Future Reflections Fall 2009
With the Braille Readers Are Leaders Contest in full swing, it can be a challenge to keep up with kids' hunger for fresh reading material. Braille books also make great holiday gifts, and several sources offer books for purchase or free of charge. Here is a list of resources.
American Action Fund for Blind Children and Adults: Kenneth Jernigan Library for Blind Children, 18440 Oxnard St., Tarzana, CA 91356; (818) 343-2022; <www.actionfund.org>--The Kenneth Jernigan Library lends books from its Twin Vision collection free of charge to individuals and schools. The books contain Braille pages bound between the pages of the original print book.
American Action Fund Free Braille Books Program: 1800 Johnson St., Baltimore, MD 21230; (410) 659-9314, Ext. 2361; [email protected]; <www.actionfund.org>--This program provides titles in popular children's series free of charge to schools and individuals. Books are mailed out monthly so that blind children can have them at the same time they appear in the bookstores.
American Printing House for the Blind: 1839 Frankfort Ave., Louisville, KY 40206; (800) 223-1839; [email protected]; <www.aph.org>--The American Printing House (APH) offers a variety of Braille and print/Braille titles for purchase. Books in the On the Way to Literacy series are print/Braille titles with tactile illustrations.
Braille Institute of America, Inc.: 741 N. Vermont Ave., Los Angeles, CA 90029; (323) 906-3104 or (800) 272-4553; [email protected]; <www.brailleinstitute.org/childrens_books>--The Braille Special Collection includes some 1,100 titles for children at all grade levels. Any blind child in the US or Canada can receive books free of charge. Additional titles are available for purchase.
Braille International, Inc.: 3290 S. E. Slater St., Stuart, FL 34997; (772) 286-8366; [email protected]; <www.brailleintl.org>--Braille International has an extensive online bookstore with fiction and nonfiction titles for children from preschool through grade 8. A few Spanish-language titles are available.
Future Aids, The Braille Superstore: (800) 987-1231; <www.BrailleBookstore.com>--Among the numerous departments at Future Aids is the Braille Bookstore, which offers both Braille only and "Text/Braille" titles for children. Designed to help parents and teachers who are not fluent in Braille, Text/Braille books have print text on the left-hand page and the accompanying Braille text on the right.
National Braille Press: 88 St. Stephen St., Boston, MA 02115; (800) 548-7323; <www.nbp.org>--Most titles in NBP's catalogue can be purchased in hard copy or electronic Braille "PortaBook" formats. NBP also hosts the Print/Braille Children's Book Club, offering a new title for purchase each month. Each book is sold at the same price as the print edition.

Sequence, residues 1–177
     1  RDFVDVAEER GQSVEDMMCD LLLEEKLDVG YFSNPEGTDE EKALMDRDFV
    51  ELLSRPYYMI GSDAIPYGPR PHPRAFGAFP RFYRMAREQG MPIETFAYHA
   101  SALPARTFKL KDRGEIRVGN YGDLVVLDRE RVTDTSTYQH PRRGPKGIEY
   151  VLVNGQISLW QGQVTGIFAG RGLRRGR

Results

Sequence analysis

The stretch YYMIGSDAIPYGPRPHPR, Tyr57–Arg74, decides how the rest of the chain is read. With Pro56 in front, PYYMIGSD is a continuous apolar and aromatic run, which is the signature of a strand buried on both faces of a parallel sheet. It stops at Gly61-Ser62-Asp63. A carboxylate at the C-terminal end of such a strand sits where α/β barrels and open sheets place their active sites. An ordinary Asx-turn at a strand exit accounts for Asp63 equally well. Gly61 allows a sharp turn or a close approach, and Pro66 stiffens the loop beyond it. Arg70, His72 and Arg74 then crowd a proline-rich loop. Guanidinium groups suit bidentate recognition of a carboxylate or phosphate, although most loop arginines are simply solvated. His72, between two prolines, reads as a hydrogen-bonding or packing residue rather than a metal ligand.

National Library Service for the Blind and Physically Handicapped: <www.loc.gov/nls>--With tens of thousands of titles in its collection, NLS has by far the most extensive library of Braille books in the United States. Books can be borrowed in hard copy Braille or downloaded as e-books through the WebBraille program. Visit the Website to locate your nearest regional library or to search the database by author, title, or subject. In addition to books, NLS offers the following Braille magazines for children and teens: Boys' Life, Muse, Seventeen, Spider, and Stone Soup.
Seedlings Braille Books for Children: P.O. Box 51924, Livonia, MI 48151-5924; (734) 427-8552 or (800) 777-8552; [email protected]; <www.seedlings.org>--Seedlings offers more than one thousand reasonably-priced Braille children's books for preschoolers through teens. The Book Angel Program for VI Children allows readers to receive two books per year free of charge. The Rose Project provides Braille copies of articles from the World Book Encyclopedia on request.
Seeing Hands: P.O. Box 46374, Minneapolis, MN 55446; [email protected]; (763) 404-2675; <www.seeinghands.org>--Seeing Hands is a free lending library of print/Braille titles for children ages four to ten.
Volunteer Braillists and Tapists, Inc.: 517 N. Segoe Rd., No. 200, Madison, WI 53705; (608) 233-0222; [email protected]; <www.vbti.org>--VBTI maintains a lending library of some two thousand Braille titles for children and adults. Most library books are also available for purchase. The organization provides transcription services and will transcribe everything from textbooks to knitting patterns and crossword puzzles.
Toys and Games
Toy Ideas from NOPBC: <www.nfb.org/nfb/NOPBC_Toys_for_Blind_Kids.asp>--This Webpage, compiled by parents of blind children, lists commercially available toys that can be enjoyed by kids from preschool through the school-age years.
2009 Toys"R"Us Toy Guide for Differently-Abled Kids: <www.toysrus.com/category/index.jsp?categoryId=2257808>--This catalogue, updated annually, is available online and is free of charge at all Toys"R"Us and Kids"R"Us stores. The catalogue is not arranged on the basis of specific disabilities; rather, it emphasizes particular skill sets and/or areas of strength. Categories include auditory, creativity, fine motor, gross motor, language, tactile, and more. Within each category you can search by age and gender.
The Braille Caravan: Available from National Braille Press, <www.nbp.org> or Creative Adaptations for Learning, <www.cal-s.org>--The Braille Caravan is a set of thirty plastic blocks, each with moveable pins that can form any Braille letter or contraction. Blocks can be arranged to form words or phrases. This is a great tool for the beginning Braille reader.
Louis Braille on Tour: <www.nbp.org/ic/nbp/louis/louis_tour.html>--With the help of biographer Michael Mellor, National Braille Press has compiled a traveling exhibit on the life and work of Louis Braille. The touring schedule can be found on the Website. The site provides descriptions of ten of the twenty panels in the exhibit, and gives biographical information drawn from Mellor's book A Touch of Genius.